In coverage, he was targeted an astounding 12 times but only allowed eight catches for 48 yards. His 6.0 yards allowed per reception and 74.3 passer rating when targeted both rank in the top-15 of linebackers that were targeted at least once this week. Also, he recorded his first pass breakup not only of the year but as a Raider after putting up a goose egg all of last season.
Surprisingly, what might be the most impressive part of Littleton’s day was his play against the run. He recorded the third-highest run-defense grade (83.4) at his position and tied for fourth with four run stops. There was a three-way tie for first and he was just one stop away making that a foursome and his run-stop percentage – the percentage of a player’s run defense snaps where he was responsible for a stop – ranks second at 21.1 percent.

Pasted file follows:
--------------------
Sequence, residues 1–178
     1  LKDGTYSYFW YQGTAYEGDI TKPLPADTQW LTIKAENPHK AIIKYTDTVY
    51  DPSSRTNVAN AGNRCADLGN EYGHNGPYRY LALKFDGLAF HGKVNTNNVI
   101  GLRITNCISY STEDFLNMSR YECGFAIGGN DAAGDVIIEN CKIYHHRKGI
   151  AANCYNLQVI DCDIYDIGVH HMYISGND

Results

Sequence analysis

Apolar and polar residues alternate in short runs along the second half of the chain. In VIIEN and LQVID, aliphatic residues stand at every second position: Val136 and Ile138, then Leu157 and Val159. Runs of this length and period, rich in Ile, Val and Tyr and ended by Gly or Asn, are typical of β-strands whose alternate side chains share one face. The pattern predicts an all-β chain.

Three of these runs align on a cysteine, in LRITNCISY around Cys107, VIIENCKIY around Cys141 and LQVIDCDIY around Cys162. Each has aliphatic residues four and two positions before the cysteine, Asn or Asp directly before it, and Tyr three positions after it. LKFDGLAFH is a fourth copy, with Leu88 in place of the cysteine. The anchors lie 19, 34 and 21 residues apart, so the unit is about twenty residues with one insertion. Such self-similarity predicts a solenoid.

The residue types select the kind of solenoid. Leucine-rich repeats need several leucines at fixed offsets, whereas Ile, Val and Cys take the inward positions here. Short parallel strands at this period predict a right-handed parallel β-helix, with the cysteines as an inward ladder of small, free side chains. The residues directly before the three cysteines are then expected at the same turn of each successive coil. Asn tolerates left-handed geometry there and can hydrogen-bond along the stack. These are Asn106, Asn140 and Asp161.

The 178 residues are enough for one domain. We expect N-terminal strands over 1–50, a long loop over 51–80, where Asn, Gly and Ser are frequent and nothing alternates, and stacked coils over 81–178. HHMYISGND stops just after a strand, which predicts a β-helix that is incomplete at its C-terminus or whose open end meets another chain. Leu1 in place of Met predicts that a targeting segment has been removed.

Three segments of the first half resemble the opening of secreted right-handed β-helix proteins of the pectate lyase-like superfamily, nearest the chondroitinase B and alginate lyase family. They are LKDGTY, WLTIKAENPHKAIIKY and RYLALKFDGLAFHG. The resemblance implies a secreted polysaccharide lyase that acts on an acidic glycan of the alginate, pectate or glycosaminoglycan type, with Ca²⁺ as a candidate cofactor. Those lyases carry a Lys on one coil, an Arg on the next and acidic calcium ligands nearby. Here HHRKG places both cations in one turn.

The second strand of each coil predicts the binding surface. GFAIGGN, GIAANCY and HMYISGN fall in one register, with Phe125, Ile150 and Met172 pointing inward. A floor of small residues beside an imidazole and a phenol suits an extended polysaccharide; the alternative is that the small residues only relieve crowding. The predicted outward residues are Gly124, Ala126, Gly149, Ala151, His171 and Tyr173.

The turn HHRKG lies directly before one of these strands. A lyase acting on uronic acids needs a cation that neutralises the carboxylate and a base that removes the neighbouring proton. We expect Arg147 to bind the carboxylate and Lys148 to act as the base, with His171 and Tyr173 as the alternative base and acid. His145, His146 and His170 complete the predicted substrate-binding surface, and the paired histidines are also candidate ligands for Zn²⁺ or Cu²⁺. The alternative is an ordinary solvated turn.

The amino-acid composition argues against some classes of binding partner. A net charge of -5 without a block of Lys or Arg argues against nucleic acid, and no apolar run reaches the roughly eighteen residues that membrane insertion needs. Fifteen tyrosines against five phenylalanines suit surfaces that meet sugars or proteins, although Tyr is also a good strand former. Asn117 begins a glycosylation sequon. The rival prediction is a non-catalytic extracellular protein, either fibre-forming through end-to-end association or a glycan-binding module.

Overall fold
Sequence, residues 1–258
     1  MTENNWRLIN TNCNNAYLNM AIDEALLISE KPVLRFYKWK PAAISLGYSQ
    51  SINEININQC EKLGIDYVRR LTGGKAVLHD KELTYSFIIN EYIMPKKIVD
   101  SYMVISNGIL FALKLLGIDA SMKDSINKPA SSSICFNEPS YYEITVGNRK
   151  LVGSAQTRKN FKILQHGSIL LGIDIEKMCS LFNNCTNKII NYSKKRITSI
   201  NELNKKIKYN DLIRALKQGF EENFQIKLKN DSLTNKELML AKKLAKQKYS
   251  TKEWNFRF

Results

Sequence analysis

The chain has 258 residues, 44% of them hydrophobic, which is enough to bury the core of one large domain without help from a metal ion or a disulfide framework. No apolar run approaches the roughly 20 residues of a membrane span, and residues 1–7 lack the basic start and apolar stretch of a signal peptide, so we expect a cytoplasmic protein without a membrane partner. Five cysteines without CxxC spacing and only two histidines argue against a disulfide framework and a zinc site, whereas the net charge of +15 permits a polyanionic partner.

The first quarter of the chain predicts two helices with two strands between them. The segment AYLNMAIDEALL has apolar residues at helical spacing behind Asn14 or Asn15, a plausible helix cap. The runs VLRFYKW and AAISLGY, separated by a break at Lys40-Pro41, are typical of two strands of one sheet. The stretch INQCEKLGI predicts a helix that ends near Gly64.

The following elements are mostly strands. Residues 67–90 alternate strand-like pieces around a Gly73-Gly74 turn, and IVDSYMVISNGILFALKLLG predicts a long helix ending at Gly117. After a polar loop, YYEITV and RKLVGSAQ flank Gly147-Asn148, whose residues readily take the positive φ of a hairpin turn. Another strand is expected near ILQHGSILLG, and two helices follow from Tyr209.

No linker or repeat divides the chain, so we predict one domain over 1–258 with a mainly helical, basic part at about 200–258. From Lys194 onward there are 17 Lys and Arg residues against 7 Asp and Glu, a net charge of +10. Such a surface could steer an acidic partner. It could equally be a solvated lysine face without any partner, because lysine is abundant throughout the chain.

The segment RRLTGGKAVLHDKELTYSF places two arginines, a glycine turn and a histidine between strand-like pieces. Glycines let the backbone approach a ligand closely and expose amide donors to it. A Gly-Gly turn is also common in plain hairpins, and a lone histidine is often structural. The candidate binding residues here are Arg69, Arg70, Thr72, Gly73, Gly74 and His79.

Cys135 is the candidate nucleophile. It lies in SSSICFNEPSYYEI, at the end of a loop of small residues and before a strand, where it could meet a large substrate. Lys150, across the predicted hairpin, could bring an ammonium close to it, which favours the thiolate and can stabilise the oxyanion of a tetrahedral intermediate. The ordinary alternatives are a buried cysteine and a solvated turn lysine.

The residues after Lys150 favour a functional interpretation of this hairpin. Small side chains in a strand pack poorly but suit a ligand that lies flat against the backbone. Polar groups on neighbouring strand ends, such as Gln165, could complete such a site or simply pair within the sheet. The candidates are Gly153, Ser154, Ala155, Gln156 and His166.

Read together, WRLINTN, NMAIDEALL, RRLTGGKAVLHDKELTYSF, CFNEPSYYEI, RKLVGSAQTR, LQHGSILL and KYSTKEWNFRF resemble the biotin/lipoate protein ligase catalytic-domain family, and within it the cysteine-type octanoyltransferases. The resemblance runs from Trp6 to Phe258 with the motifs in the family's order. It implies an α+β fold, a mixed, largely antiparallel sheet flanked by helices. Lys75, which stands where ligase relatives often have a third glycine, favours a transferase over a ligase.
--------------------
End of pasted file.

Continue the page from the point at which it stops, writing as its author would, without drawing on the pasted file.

After missing three tackles against Pittsburgh, Littleton played a clean game with zero versus Miami and it wasn’t for a lack of opportunities as he finished second behind Perryman with 10 total tackles.
An all-around great outing for the six-year pro.
LOSER: Alex Leatherwood
I feel like a broken record at this point but every week it’s true, Alex Leatherwood struggled in pass protection.
Against the Dolphins, he allowed six pressures which is the most he’s allowed in a single game during his young career. That’s tied for the fourth-most among offensive tackles in Week Three, and his 32.4 pass-blocking grade is currently the fifth-worst among tackles with at least 16 snaps in pass protection. Sadly, the latter is actually an improvement from his 14.3 grade versus the Steelers.